Michel Redolfi's first recorded work presents his Sonic Waters
material, both in dry versions as prepared in the studio and wet versions as recorded live at underwater concerts. The dry versions are of course much cleaner, with burbling electronics and some delicately processed flute and harp work. The ethereal music quietly drifts and is almost like new age music in places, with rippling arpeggios in the flute and harp, and spiral electronic gestures from the synclavier. The music is designed with pure timbres of clearly defined sound spectra (such as the flute and harp) in order to have similar sound qualities both broadcast in air and underwater, where sound travels much faster and is heard through the skull's bone conduction rather than through the eardrums. Part three of "Music for Salt Water" shows Redolfi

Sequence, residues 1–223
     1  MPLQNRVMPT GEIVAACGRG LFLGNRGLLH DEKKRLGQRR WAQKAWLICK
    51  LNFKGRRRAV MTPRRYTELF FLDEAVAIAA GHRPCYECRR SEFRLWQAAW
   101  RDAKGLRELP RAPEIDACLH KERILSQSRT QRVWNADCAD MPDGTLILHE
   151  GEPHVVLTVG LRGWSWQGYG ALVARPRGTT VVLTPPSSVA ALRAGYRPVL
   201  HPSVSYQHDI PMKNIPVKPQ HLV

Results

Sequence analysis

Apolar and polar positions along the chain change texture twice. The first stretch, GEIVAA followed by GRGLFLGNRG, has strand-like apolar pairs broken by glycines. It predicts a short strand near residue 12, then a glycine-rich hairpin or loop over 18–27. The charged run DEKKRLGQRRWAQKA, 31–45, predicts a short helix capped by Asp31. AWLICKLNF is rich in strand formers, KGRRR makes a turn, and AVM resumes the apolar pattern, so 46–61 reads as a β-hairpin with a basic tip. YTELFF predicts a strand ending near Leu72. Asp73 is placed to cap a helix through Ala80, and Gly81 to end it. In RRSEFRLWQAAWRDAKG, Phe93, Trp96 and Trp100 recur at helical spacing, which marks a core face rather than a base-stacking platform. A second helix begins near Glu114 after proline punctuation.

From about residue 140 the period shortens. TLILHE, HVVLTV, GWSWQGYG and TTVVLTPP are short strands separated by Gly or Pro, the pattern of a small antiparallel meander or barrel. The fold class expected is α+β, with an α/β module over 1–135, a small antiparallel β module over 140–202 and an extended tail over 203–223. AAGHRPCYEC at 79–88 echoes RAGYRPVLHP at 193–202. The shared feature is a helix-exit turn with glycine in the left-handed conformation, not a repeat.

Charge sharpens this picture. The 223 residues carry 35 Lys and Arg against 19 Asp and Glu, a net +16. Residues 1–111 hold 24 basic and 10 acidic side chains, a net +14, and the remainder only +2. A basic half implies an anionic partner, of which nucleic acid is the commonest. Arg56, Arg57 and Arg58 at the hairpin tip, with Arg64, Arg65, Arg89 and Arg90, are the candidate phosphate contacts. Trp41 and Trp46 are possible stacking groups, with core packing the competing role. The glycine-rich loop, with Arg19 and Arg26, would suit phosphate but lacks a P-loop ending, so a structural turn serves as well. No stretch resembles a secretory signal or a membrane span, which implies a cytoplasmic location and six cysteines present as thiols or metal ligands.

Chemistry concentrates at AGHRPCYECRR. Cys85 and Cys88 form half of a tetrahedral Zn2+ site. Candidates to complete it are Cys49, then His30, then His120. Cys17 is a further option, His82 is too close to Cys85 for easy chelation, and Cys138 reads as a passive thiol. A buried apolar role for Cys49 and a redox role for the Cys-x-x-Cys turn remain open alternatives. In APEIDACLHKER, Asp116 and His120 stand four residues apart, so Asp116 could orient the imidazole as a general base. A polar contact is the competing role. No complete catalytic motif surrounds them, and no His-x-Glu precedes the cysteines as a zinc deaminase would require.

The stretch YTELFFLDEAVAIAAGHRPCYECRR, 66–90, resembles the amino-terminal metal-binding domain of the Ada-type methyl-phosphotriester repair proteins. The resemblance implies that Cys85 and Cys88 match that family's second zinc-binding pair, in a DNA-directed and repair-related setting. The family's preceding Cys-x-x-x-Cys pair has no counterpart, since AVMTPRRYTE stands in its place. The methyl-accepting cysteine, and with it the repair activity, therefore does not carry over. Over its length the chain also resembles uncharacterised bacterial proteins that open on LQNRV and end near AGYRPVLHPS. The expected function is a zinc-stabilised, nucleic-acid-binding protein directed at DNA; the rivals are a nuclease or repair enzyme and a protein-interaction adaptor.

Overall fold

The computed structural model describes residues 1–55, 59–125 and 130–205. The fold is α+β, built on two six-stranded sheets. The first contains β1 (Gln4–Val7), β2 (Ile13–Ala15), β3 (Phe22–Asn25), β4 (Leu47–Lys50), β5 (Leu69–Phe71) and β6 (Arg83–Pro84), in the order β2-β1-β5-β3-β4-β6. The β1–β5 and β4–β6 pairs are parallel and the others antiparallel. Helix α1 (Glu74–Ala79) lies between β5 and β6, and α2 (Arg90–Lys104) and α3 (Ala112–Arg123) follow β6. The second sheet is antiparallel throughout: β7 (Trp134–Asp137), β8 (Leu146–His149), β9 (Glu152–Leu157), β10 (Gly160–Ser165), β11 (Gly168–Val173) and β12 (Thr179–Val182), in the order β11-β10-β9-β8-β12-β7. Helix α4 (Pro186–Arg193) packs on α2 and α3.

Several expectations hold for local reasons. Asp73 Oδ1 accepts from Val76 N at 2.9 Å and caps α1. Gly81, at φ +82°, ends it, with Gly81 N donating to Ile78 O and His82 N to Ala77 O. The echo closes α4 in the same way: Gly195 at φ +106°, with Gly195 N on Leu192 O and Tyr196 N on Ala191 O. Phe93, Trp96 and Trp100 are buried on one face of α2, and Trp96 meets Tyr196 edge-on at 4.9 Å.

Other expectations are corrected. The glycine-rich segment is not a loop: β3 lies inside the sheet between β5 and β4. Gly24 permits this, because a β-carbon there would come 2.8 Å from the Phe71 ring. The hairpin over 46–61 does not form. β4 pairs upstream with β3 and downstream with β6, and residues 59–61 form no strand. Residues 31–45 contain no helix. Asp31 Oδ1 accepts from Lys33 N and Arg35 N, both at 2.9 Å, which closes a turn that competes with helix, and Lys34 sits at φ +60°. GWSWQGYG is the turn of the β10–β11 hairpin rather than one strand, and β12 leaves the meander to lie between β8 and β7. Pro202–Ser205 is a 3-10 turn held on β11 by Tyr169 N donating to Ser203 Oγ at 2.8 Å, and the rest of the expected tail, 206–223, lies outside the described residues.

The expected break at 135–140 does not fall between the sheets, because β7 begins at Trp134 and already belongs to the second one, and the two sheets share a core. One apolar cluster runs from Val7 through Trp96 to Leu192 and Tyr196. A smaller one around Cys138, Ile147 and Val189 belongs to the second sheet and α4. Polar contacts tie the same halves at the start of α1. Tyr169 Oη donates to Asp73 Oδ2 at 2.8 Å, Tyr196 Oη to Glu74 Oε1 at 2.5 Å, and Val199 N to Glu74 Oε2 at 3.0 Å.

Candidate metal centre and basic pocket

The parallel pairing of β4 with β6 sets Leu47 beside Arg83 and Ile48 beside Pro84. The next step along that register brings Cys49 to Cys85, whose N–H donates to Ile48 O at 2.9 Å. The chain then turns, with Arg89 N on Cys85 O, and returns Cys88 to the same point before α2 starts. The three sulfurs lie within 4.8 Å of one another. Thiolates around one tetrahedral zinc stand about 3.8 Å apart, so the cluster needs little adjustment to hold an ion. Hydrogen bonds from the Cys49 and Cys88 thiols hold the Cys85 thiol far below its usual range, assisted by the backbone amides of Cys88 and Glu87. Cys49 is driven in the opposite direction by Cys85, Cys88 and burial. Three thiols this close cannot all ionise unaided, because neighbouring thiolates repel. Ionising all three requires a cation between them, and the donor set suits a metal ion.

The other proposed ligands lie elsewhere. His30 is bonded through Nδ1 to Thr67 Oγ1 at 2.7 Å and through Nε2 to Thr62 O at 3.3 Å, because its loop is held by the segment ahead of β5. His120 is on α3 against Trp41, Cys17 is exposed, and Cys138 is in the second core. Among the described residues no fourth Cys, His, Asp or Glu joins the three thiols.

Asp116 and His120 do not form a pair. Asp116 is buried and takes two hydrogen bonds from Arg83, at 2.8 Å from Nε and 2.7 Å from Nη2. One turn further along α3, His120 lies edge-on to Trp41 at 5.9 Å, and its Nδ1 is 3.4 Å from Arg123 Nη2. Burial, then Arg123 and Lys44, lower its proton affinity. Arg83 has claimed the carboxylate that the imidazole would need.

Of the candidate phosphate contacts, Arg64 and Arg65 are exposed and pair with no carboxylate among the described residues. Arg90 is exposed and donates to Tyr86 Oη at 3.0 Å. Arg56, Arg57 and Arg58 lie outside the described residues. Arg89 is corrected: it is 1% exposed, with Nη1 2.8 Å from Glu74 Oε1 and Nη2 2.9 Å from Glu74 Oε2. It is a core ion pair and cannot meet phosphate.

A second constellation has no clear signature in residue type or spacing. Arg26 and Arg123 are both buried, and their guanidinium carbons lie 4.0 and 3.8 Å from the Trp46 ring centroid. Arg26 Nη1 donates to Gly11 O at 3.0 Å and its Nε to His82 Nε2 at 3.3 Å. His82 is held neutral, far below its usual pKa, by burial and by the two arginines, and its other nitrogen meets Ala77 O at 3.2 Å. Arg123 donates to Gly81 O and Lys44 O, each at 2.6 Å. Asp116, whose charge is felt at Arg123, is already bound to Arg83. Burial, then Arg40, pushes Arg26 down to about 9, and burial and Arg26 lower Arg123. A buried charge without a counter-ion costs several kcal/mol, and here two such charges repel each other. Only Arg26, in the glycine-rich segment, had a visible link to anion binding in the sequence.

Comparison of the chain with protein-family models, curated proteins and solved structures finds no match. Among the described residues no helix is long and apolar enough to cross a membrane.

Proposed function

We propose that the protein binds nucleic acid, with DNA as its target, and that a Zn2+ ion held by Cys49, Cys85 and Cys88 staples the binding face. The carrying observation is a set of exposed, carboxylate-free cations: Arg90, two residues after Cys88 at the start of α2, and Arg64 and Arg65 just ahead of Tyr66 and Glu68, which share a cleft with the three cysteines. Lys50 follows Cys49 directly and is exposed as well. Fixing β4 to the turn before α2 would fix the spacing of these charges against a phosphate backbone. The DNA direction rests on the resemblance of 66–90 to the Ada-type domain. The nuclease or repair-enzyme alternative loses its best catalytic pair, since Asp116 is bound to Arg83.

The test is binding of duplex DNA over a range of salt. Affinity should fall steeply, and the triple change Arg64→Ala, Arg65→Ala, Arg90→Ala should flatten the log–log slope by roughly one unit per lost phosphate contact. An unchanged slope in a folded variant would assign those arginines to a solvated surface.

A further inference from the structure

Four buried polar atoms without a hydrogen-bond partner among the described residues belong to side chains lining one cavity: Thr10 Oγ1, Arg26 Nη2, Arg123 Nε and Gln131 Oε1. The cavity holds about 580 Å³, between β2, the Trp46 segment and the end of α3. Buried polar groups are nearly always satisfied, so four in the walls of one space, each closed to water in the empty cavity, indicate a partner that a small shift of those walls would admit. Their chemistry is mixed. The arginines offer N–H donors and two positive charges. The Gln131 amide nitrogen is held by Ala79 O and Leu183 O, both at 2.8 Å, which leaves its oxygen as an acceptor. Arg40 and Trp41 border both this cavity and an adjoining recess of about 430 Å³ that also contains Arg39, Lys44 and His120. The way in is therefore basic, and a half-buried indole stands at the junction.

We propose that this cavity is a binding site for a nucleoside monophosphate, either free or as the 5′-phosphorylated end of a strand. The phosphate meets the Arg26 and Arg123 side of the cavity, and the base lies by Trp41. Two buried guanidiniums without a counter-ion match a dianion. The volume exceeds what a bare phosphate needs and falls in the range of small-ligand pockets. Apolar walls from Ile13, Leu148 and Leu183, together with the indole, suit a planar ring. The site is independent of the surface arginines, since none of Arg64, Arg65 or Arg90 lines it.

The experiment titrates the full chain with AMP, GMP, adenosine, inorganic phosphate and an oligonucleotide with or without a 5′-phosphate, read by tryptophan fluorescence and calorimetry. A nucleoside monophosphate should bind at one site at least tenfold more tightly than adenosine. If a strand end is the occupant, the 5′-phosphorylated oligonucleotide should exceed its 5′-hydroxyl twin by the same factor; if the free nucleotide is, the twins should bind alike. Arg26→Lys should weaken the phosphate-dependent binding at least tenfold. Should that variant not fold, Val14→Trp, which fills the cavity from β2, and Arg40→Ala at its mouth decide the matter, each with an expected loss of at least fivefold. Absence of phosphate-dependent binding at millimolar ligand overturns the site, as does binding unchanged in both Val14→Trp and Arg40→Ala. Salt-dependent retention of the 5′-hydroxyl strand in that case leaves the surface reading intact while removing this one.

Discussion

's interest in microtonal music, which will continue to be part of his music in later works such as Pacific Tubular Waves. Because the wet versions were recorded live, there is some extra musical material that can both enhance the experience (as with the snapping of the shrimp in the last concert excerpt, familiar to anyone who has been in tropical waters), or detract from it (some very dated announcements at the beginning of the concert excerpts). All of the live material contains fluid water sounds in addition to the electronics, and Redolfi
recommends headphone listening to simulate more completely the underwater listening experience. Redolfi
has continued to refine the underwater concert experience, incorporating multimedia and performance work more and more into the music.